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Speech: Marine Pollution

Wednesday, 15 February 2017

Senator RHIANNON (New South Wales) (13:09): I am a keen birdwatcher. I even have a list for Parliament House, although it is barely into double figures. But there is a good spot for watching birds, and that is Malabar Headland. It is one of those spectacular sandstone cliff faces that pushes off the east coast. There you can see many wonderful marine birds—gannets, shearwaters, gulls, terns. I have never been lucky enough to see an albatross but I know others have seen them.

Senator O'Sullivan: There are some in here!

Senator RHIANNON: And I acknowledge the interjection for some reason. But when I do see these birds and visit this spot, what is in my mind is the impact that plastic pollution is having on these wonderful marine birds. There are many academic studies that should be alerting us to what is an incredibly serious environmental catastrophe that is building.

One particularly significance study is called, Threat of plastic pollution to seabirds is global, pervasive, and increasing. It is by Chris Wilcox, Erik Van Sebille and Britta Hardesty. The study found that seabirds are particularly vulnerable to plastic pollution. The marine birds have been widely observed to ingest floating plastic. Worryingly, the study found that the impact of plastic is greatest at the southern boundary of the Indian, Pacific and Atlantic oceans. That is an area has been thought to be particularly pristine, and now we hear this alarming news.

The authors of this study describe how the threat to population numbers of marine birds from plastic pollution is geographically widespread and rapidly increasing. Also, the United Nations Environment Programme, in its yearbook for 2011, gave us a really big wake-up call. Sadly, I do not think it has been heard or acted on to the degree it should be. It described marine plastics as a new toxic time bomb. This report identified that the harm from plastic comes from not only entangling wildlife—and we have all seen those tragic photographs—or from being mistaken as food by marine birds and other animals but the accumulation and concentration of chemicals such as polychlorinated biphenyls and the pesticide DDT. This is the thing that I really wanted to speak about today. So much of marine wildlife—fish, molluscs and other marine creatures that people eat, and that our birds and other animals eat—are becoming full of very dangerous chemicals because of the plastic that is filling our oceans.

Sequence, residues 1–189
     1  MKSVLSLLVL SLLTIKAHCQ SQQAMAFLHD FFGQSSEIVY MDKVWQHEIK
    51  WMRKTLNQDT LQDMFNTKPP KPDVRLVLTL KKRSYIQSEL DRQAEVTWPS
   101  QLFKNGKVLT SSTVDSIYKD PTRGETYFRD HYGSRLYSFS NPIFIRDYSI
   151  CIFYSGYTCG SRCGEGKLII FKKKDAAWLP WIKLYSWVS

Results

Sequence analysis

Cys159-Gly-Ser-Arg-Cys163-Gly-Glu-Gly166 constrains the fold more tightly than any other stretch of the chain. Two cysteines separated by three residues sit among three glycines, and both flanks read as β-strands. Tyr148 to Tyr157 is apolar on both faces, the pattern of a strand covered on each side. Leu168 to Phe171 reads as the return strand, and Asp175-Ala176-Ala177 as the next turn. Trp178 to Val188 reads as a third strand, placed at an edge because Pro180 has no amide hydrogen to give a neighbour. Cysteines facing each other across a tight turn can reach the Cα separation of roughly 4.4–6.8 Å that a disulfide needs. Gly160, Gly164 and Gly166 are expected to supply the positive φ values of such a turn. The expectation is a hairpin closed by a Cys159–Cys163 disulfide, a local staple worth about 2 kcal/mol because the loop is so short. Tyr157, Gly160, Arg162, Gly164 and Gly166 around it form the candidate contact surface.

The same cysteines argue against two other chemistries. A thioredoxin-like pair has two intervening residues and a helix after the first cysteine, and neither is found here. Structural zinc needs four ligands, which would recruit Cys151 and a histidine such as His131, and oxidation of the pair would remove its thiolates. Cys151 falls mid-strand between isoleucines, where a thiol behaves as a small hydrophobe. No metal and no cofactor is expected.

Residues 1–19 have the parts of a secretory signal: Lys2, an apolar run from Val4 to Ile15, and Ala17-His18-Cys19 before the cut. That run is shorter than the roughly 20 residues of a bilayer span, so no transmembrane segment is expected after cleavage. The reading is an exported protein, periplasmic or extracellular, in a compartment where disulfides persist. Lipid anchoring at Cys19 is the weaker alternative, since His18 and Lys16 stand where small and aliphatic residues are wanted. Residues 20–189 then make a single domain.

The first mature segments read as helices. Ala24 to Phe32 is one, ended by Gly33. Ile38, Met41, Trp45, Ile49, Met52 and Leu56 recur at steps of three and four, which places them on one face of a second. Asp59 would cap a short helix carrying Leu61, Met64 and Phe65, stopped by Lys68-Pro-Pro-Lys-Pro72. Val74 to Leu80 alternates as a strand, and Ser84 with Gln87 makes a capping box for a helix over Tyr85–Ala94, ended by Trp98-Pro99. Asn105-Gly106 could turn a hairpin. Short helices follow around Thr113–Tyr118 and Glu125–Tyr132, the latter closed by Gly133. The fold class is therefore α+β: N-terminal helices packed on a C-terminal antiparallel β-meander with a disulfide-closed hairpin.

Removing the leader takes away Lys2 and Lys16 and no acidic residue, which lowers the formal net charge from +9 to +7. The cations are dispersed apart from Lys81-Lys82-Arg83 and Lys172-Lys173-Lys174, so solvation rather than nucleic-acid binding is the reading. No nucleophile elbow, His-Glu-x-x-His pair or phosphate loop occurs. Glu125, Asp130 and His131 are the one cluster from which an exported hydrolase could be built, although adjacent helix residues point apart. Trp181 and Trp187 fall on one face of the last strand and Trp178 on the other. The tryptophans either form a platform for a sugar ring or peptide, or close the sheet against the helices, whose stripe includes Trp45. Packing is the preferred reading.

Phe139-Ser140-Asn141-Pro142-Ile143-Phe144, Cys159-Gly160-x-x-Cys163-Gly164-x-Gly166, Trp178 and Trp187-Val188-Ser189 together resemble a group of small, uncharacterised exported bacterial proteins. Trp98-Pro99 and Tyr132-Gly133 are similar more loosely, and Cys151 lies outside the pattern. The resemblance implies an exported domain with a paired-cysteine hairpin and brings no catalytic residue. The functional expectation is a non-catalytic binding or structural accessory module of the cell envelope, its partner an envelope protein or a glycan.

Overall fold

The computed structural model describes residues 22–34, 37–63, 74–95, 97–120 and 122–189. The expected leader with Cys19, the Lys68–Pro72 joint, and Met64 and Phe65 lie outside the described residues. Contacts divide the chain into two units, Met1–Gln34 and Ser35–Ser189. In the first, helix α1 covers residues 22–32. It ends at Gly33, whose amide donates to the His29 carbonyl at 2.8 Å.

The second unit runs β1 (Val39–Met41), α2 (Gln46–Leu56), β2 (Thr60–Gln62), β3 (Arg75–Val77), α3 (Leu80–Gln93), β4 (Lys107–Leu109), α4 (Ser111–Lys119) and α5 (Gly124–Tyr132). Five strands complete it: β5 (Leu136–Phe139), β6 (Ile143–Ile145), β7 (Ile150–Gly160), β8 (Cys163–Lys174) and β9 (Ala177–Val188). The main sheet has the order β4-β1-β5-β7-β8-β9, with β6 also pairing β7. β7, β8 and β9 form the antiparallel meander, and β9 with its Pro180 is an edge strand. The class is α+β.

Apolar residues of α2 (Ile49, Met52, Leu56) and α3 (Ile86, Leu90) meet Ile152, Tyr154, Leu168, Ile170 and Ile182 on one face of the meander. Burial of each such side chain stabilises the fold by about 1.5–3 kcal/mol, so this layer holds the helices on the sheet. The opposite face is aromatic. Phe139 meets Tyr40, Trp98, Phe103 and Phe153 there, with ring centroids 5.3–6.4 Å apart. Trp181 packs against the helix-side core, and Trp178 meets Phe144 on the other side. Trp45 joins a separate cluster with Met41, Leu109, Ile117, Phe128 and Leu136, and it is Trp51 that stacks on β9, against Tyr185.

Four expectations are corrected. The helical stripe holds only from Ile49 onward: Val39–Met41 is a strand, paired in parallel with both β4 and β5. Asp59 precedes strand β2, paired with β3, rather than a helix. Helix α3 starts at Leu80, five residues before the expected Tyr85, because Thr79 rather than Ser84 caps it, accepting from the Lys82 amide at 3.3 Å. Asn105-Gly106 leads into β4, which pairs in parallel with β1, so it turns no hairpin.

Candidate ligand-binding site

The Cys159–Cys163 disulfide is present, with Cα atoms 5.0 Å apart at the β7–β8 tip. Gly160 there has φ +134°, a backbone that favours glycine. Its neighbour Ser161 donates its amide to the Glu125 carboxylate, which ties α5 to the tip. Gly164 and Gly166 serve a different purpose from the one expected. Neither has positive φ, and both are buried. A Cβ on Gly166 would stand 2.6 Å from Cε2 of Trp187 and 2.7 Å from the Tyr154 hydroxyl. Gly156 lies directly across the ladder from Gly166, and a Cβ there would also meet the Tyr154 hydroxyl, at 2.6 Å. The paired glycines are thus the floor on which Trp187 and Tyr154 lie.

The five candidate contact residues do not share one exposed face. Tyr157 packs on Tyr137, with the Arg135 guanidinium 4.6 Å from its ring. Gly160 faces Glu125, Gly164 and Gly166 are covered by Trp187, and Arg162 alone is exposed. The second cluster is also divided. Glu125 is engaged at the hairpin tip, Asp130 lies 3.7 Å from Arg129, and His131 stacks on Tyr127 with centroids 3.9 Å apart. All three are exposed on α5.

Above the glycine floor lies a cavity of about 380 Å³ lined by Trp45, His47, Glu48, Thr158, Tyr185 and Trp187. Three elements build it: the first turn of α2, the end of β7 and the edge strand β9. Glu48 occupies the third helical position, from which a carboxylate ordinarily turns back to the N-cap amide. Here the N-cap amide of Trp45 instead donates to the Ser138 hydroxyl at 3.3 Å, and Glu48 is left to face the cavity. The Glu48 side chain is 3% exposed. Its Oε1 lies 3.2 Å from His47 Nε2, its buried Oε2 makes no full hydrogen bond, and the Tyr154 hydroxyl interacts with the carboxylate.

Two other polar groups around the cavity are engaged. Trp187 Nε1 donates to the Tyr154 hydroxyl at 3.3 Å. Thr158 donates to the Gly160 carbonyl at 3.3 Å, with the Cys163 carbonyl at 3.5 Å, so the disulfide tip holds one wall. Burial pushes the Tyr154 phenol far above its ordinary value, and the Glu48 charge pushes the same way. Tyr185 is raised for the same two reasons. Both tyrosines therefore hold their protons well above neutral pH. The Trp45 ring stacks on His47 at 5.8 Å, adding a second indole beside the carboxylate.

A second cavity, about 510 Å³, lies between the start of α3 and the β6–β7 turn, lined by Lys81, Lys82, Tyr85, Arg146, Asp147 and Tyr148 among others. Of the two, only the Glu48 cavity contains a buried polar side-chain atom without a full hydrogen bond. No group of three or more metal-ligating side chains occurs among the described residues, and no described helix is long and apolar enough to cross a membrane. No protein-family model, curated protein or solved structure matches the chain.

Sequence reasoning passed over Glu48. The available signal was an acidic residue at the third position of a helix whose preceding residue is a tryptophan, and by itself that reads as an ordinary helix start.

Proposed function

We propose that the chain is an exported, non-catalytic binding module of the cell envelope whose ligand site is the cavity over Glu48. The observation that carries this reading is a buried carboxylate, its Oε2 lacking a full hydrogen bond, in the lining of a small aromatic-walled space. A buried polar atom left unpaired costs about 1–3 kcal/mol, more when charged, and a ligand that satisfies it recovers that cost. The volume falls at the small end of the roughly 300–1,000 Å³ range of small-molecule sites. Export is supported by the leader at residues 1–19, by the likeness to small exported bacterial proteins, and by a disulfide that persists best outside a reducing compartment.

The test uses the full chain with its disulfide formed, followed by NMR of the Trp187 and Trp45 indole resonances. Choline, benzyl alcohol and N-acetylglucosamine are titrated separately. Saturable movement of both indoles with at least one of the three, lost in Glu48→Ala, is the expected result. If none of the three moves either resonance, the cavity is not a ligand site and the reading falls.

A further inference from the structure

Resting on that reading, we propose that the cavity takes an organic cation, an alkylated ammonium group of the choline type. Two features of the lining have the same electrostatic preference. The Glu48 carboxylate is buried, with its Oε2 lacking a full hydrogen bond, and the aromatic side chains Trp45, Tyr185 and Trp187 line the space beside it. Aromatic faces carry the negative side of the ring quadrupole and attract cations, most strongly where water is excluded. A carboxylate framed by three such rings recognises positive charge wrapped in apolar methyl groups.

There has been a Senate inquiry into this—and I congratulate my colleague Senator Peter Whish-Wilson for initiating it. The report was called, Toxic tide: the threat of marine plastic pollution in Australia. I understand that it has had an impact—that the urgent need for container deposit legislation, something the Greens and so many community and environment groups have campaigned on for years, is now being seriously considered and, hopefully, fast-tracked by state governments. But the problem is so serious it needs to be given greater, more detailed attention.